More law less trust


The ODT”s Weekend Mix  had a profile of Otago University law Professor, Mark Henaghan. It’s not online but concluded with this:

The law tends to reflect society’s values, Prof Henaghan replies.

“There’s a wonderful saying by an American philosopher, ‘In hell there will be nothing but law, and due process will be duly enforced.’

“Because in a way the more law you have the less you have to trust people.

The less you trust people, the more distrustful they become and so the more law you need in order to trust them. “

A good society would not have too much law, because people would do the right thing he says.

But in New Zealand we have a lot of law.

More law less trust, less trust more law, more law, less trust  . . .

Sad but true and even more so if read with this morning’s quote of the day from Aleksandr Solzhenitsyn:

Justice is conscience, not a personal conscience but the conscience of the whole of humanity. Those who clearly recognize the voice of their own conscience usually recognize also the voice of justice.

When people don’t recognise the voice of their own conscience they don’t recognise the voice of justice and we have less trust and we need more law and then we get less trust. . .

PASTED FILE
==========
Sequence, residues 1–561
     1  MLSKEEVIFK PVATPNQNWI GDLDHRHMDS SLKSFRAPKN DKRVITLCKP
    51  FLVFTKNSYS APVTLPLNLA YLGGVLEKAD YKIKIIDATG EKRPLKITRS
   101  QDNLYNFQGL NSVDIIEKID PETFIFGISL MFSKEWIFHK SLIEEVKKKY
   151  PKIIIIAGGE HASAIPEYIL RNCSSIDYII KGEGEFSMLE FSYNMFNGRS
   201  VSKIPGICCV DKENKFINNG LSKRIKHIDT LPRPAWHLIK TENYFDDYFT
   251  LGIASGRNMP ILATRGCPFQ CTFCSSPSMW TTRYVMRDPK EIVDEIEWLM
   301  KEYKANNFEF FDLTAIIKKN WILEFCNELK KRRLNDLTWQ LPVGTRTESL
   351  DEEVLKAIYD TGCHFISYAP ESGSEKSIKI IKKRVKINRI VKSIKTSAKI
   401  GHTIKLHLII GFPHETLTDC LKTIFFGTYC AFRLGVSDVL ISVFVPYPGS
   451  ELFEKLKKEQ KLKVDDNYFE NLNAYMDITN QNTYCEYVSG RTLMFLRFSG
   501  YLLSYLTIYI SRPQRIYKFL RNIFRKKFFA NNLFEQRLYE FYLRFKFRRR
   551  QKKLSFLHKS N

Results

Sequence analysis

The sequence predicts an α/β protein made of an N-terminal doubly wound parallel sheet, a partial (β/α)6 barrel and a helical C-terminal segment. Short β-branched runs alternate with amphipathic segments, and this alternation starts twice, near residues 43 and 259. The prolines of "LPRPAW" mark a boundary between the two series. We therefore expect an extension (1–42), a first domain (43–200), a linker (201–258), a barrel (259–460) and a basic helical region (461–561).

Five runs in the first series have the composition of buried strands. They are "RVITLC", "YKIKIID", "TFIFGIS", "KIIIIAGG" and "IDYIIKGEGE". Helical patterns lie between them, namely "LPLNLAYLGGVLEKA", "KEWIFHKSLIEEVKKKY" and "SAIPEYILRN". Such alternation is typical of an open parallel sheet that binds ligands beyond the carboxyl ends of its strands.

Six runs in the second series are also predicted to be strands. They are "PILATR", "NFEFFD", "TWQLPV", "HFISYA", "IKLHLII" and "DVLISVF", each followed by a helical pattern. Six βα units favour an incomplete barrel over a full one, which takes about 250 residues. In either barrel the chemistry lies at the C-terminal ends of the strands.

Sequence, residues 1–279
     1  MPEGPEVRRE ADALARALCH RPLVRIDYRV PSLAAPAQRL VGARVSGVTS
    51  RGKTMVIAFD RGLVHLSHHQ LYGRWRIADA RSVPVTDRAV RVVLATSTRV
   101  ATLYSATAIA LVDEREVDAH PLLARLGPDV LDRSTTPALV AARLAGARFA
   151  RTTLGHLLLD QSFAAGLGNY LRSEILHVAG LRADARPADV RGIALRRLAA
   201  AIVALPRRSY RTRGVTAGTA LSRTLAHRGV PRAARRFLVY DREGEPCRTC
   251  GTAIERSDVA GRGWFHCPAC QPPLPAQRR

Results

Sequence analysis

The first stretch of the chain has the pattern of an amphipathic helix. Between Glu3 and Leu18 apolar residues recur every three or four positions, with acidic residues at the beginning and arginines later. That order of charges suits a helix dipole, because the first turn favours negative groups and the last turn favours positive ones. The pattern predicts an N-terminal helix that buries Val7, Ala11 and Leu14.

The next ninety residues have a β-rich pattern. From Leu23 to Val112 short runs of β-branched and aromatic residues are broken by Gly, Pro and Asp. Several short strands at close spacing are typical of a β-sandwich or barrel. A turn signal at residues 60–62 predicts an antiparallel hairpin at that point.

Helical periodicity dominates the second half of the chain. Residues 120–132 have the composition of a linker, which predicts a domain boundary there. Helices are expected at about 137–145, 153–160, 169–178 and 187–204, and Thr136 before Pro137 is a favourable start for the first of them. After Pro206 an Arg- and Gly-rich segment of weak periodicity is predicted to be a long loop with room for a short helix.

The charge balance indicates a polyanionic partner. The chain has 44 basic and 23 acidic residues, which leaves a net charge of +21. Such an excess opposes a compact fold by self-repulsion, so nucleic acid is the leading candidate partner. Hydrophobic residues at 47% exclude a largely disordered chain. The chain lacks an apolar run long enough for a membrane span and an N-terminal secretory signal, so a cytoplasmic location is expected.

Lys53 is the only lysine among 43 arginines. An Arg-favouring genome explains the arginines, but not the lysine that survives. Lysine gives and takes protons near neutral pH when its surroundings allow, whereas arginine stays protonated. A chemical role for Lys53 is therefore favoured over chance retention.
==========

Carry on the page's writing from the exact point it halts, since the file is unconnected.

Quote of the day


. . . our Nation is founded on the principle that observance of the law is the eternal safeguard of liberty and defiance of the law is the surest road to tyranny. The law which we obey includes the final rulings of the courts, as well as the enactments of our legislative bodies. Even among law-abiding men few laws are universally loved, but they are uniformly respected and not resisted. Americans are free, in short, to disagree with the law but not to disobey it. For in a government of laws and not of men, no man, however prominent or powerful, and no mob however unruly or boisterous, is entitled to defy a court of law. If this country should ever reach the point where any man or group of men by force or threat of force could long defy the commands of our court and our Constitution, then no law would stand free from doubt, no judge would be sure of his writ, and no citizen would be safe from his neighbors. . . John F. Kennedy.

What do others at school think?


A Hastings school which lost a High Court battle over suspending a student for refusing to cut his hair has been ordered to pay more than $24,000 in costs.

Last month Justice David Collins ruled in favour of 16-year-old St John’s College student Lucan Battison, who successfully fought to keep his locks after being suspended.. .

The Battisons’ lawyer, Jol Bates, said costs of $24,159 had been awarded, which were a contribution towards the family’s legal expenses – about two-thirds of actual costs. . . .

I wonder what the other pupils, their parents, the school board and staff think of that?

Accessory to a crime?


Yesterday I popped into two New Worlds.

One was in Queenstown which the law permits to open.